A strong XDR solution can link events to detect low and slow intrusions. This is where XDR proves to be more than the sum of its parts. Individual vendor solutions may not be capable of the same level of discovery. XDR, which brings these solutions together, garners more context and can tell analysts the full story of what happened during a contained breach. This allows them to search for additional context among other affected systems or credentials. Working like this means policy wins over technology. A point solution may identify a weak signal, but this may be a ploy by an attacker to slip under the radar. If several point solutions identify weak signals and pass them along to a central decision-making apparatus, XDR will combine several “weeks” to deduce a “strong”. And so, what would otherwise have been a stealthy attack with weeks of dwell time is thrown into the light where SecOps can decide what to do with it. And so, we come to a response.


Today, given the level of stress faced by security professionals in the region, cybersecurity response has as much to do with triage as anything else. Given limited resources, how do you decide what to go after? With the rise of supply-chain attacks and the persistent headache of software vulnerabilities, XDR platforms present a much-needed respite from the triage issue. First, XDR automates the critical, manual investigative tasks and endures all the associated tedium and false starts on behalf of analysts. Secondly, it automates the playbook in the event of finding an anomaly. When alerts reach the analyst, they are significantly less likely to be a waste of their time. In other words, XDR alerts are more actionable.

It starts with an investigation. Having detected something worth pursuing, the XDR solution identifies IOCs such as hashes, links, IP addresses, domains, and URLs. It goes on to validate these IOCs against trusted sources. Once a malware strain is confirmed, XDR tries to identify other IOCs by allowing the sample to run its course inside a sandbox. By allowing it to exhibit its designed behaviour, XDR can automatically sift out other important information, such as which network connections the strain tries to make and what registry modifications and file drops it performs. All this information allows SecOps teams to scope the incident and detect lateral movement.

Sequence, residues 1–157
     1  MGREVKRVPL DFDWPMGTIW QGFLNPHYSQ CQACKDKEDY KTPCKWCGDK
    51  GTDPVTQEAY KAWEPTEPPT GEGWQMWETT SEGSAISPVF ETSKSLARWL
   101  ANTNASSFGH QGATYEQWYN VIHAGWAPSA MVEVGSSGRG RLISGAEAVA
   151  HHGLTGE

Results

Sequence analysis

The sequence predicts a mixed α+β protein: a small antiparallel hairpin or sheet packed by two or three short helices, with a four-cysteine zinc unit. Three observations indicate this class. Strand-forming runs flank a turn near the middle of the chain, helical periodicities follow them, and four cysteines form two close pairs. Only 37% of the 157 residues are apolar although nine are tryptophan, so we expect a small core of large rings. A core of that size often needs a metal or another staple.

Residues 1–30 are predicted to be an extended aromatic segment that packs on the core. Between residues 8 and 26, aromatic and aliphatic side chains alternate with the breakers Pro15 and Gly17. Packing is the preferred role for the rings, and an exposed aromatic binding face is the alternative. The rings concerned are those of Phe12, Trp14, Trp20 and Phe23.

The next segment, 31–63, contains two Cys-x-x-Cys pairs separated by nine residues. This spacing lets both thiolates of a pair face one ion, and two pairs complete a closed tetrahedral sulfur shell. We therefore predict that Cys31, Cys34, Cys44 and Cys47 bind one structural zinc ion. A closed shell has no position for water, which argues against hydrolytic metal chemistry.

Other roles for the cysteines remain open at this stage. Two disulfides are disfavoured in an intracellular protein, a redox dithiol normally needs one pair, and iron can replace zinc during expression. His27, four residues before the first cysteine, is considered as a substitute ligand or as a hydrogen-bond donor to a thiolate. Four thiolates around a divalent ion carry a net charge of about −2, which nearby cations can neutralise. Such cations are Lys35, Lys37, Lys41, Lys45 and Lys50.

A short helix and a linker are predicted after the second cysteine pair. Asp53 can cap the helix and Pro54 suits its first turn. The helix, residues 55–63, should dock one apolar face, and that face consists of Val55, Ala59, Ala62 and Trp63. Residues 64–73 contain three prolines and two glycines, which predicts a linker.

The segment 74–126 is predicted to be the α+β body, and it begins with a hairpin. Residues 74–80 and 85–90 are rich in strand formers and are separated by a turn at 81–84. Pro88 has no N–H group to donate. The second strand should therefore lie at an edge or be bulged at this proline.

At this stage, the XDR platform will have singled out endpoints that may have been impacted by lateral movement, thus supplying analysts with actionable alerts. The platform could also automatically scan the environment and perform updates such as endpoint security engines’ rulesets, policies, and network solutions’ IOC catalogues. XDR would search for more IOCs in endpoints, SIEM solutions, firewalls, proxy servers, and DNS logs. At the end of the investigation, the level of data leakage will be determined.

After the investigation, XDR moves on to containment and, if possible, eradication. It can automatically contain infections at the endpoint level and remove or shut down virtual interfaces. The platform will quarantine compromised endpoints in dirty VLANs or shut down switch ports. It can create prevention rules and policies in firewalls, proxy servers, and other solutions to render the malware useless for future campaigns. XDR can also enforce endpoint solution (or agent) installation on affected devices.

When the dust has settled, lessons must be learned. Reporting is also automated in XDR. Actions taken; hosts affected; URLs investigated; domains, IPs, files, and hashes probed. All are included, along with details of any data leakage and policy changes. 

Safe at last?

XDR is not an install-and-forget technology. It is a way of life — a way of operating and thinking. Just as XDR empowers constant vigilance, it also requires it. Roles, processes, information sharing, and organic updating must come together to ensure that the digital environment and all those who use it are safe today, tomorrow, and for the foreseeable future.